Jeremy Lin Refuses to be Compared to Yao Ming
Houston Rockets newly acquired point guard Jeremy Lin has refused to compare himself with retired NBA superstar Yao Ming, saying his career accomplishments pale in comparison with the Chinese basketball star.
What I have done is nothing compared to what Yao has done," Lin said to journalists during his visit to his parents' hometown of Taipei. "I have always looked up to Yao, but I don't see myself as having to fill his shoes."
"My goal was very simple, and it is to get as close as I can to reach my personal potential. I am not sure what that is, but my goal is to find out," added Lin, the first NBA player of Taiwanese descent .
Lin has joined Yao's former NBA team after the New York Knicks declined to match the three-year, $25 million offer sheet tendered by the Rockets.
Nagging injuries have forced Yao to retire after playing nine seasons with the Rockets. He averaged 19 points, 9.2 rebounds, 1.9 blocks and 1.6 assists.
Yao's retirement has left Asians without an ambassador in the NBA until Lin's outstanding play with the Knicks grabbed attention last season.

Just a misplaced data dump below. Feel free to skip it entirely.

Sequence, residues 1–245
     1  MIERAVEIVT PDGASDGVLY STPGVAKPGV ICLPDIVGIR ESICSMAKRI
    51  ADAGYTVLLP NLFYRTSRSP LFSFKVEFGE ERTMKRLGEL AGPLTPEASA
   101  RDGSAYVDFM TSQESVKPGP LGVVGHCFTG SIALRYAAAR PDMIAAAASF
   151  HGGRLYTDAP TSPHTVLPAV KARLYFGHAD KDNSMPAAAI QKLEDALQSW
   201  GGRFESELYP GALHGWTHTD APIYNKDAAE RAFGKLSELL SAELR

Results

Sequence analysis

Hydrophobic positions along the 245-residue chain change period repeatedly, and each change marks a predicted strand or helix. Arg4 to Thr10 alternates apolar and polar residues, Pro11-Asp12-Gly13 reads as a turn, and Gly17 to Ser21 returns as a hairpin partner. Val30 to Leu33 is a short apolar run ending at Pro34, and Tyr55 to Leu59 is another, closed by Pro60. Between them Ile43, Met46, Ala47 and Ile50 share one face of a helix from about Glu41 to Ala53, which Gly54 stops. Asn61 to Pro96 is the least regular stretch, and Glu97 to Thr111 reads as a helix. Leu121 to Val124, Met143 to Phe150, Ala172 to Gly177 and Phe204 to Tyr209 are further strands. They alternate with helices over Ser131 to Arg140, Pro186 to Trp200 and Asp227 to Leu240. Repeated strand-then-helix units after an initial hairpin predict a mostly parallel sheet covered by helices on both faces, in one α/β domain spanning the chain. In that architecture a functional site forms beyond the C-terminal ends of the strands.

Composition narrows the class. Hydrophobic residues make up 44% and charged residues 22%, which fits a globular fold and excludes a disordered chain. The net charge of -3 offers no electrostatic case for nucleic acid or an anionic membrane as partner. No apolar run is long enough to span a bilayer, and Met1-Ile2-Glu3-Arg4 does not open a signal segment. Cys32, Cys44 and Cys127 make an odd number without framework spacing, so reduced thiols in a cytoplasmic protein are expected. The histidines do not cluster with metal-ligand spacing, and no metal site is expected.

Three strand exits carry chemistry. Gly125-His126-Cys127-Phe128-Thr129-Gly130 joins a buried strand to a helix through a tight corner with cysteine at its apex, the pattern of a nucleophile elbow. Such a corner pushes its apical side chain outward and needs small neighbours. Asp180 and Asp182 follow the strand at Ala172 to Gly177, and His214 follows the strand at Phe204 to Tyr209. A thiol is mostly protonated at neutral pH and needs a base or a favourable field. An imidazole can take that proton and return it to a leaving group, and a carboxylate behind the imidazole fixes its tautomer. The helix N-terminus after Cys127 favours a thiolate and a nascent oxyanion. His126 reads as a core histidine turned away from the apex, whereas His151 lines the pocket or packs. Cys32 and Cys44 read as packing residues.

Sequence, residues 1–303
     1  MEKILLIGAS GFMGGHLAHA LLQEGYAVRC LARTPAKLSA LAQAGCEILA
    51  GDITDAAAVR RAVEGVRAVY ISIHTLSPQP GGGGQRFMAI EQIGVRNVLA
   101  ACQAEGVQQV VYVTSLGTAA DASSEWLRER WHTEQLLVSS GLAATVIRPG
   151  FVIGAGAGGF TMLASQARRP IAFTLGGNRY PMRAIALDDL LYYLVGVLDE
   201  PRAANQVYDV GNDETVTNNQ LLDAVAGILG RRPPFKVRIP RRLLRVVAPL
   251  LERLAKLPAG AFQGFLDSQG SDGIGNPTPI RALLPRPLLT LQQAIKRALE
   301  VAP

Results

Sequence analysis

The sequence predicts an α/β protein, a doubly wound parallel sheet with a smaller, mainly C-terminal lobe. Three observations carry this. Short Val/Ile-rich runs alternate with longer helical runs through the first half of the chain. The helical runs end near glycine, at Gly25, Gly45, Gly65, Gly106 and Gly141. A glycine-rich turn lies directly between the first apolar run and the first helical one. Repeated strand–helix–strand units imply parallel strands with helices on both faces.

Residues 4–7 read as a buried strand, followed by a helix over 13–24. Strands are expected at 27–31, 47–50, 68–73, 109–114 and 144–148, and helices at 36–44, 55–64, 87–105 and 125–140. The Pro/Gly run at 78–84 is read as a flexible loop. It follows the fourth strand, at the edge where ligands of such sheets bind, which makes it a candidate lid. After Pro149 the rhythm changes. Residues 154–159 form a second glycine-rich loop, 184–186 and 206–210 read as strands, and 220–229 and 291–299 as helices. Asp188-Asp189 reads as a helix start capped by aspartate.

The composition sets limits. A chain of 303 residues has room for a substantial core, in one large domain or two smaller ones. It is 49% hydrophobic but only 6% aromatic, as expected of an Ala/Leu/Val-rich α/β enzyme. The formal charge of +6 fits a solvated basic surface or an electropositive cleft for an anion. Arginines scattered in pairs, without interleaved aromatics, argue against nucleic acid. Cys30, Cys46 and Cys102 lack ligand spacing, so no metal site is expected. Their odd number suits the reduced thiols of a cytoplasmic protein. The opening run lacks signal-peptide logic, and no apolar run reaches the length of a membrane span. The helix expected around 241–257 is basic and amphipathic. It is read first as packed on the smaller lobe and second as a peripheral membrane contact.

Searching for a reliable point guard, then Knicks coach Mike D'Antoni started Lin, who scored 25 points in a 99-92 win over New Jersey Nets and it was history for "Linsanity" from there.
In 35 games, Lin averaged 14.6 points before his season came to an end in April when he suffered a tear in his left knee that needed surgery.
Lin attributed his success this year to his Christian faith. He said the New York Knicks' game against the Toronto Raptors was one in which he truly felt the presence of God.
"There were five seconds left on the clock. I did not want to shoot the shot that I took because that was one of my worst shots that I was practicing during the summer, but it went down, and that was my only three-pointer that I made from the top of the key in the whole season," Lin said.
Lin said he had learned to deal with the mounting pressure that came with his fame in his first year in the NBA.
"My rookie year helped me with handling pressure," he said. "Just to play for God. That's important to me, because when I feel like I have to play to please everybody else, I put too much pressure on myself and I don't play the way I am supposed to."
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